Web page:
[Buddha-l] Enlightenment for Sale! (was: Review of a review)

Franz Metcalf franz at mind2mind.net
Wed Jun 30 14:17:42 MDT 2010

Barnaby et al.,

> Didn't you recently say a true dharma teacher must embody the dharma  
> and actualize it in their teachings? It's hard for me to see how you  
> can say that someone's marketing is disingenuous and exploitative,  
> but their teaching is valid.

Yes, for me as well. But I'm not sure I'd say that Genpo's marketing  
is either of those two things. He's quite up-front about charging  
large sums to some people to subsidize others. They organization  
claims to plough the Big Heart Circle funds back into the larger  
operation of teaching dharma. I fully agree that, as you write,  
"teachers should be very much held accountable for how they market  
themselves." They way in which I want to hold Genpo particularly  
accountable is to the freedom of the dharma from commodification.  
David McMahan has expressed the stakes here very well in his latest  
book, _The Making of Buddhist Modernism_ (New York: Oxford University  
Press, 2008). Sorry to quote at such length, but it's a really *good*  

> Buddhist modernism dissipates into the immense machinery of media- 
> driven consumption, becoming not only a means for selling products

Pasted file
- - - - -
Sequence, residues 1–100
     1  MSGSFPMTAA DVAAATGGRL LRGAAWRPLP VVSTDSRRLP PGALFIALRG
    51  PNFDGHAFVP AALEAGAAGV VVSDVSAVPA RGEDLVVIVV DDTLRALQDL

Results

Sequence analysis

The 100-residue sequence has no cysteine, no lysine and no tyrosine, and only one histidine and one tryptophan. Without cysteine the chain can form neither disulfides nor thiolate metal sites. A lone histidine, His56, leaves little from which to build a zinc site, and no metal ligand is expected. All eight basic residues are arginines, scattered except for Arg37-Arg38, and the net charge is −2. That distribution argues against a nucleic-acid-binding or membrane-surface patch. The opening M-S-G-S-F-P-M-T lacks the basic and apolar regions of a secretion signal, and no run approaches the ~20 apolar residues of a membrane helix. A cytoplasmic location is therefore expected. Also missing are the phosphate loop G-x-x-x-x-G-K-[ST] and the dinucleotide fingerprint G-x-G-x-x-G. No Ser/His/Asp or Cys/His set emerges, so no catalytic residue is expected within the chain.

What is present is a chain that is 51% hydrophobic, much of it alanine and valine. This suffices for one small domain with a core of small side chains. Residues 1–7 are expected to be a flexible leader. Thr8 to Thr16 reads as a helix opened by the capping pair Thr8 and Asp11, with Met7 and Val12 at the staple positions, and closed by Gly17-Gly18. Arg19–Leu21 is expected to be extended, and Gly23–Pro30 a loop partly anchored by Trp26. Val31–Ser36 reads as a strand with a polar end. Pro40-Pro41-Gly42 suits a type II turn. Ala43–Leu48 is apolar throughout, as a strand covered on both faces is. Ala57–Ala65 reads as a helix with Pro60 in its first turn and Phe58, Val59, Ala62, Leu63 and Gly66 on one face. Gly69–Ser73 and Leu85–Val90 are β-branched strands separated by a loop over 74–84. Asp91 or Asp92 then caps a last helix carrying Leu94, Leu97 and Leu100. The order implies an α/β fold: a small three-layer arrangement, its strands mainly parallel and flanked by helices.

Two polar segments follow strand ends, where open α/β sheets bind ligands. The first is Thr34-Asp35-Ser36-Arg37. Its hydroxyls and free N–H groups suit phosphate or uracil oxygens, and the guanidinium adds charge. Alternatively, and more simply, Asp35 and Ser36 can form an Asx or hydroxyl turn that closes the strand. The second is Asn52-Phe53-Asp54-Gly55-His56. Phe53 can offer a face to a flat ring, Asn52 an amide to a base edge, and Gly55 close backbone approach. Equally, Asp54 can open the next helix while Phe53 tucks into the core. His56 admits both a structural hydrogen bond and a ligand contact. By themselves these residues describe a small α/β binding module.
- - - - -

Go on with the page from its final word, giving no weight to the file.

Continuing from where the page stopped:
> but a product itself. From the point on the continuum where Buddhism  
> becomes a purely personalized mode of self-help with scant ethical  
> ramifications to where it becomes a mere commercial trope, it is  
> accommodated so thoroughly to the values of western (and  
> increasingly globalizing) popular culture and its consumerism and  
> commercialism that its capacity to critique these elements of  
> contemporary culture--for which Buddhism has such ample resources-- 
> is neutralized (McMahan 2008, 261).

It is this neutralization that concerns me in American Buddhism in  
general and in Genpo's marketing in particular. Does this mean that I  
have to consider Genpo an inadequate dharma teacher? I don't think so.  
I think I'd have to meet him and study with him--and even then I might  
not know. He seems not to be disingenuous. But what about  
exploitative? Hmmm. Living in California--as I do, too--I am very  
aware of the false dichotomy between spiritual teachings and their  
methods of conveyance (on various levels including teaching authority,  
cost, commitment, etc.). So of course I didn't think you were being  
snarky (love that adjective), but rather sincerely expressing your  
worry. These are dark waters and hard to plumb.

I will suggest one amendment to your position, though: I think Santa  
Fe has both SF and LA beat on the enlightenment-for-sale market. But  
of course only per capita. Richard might be able to gather data on  
this for us.


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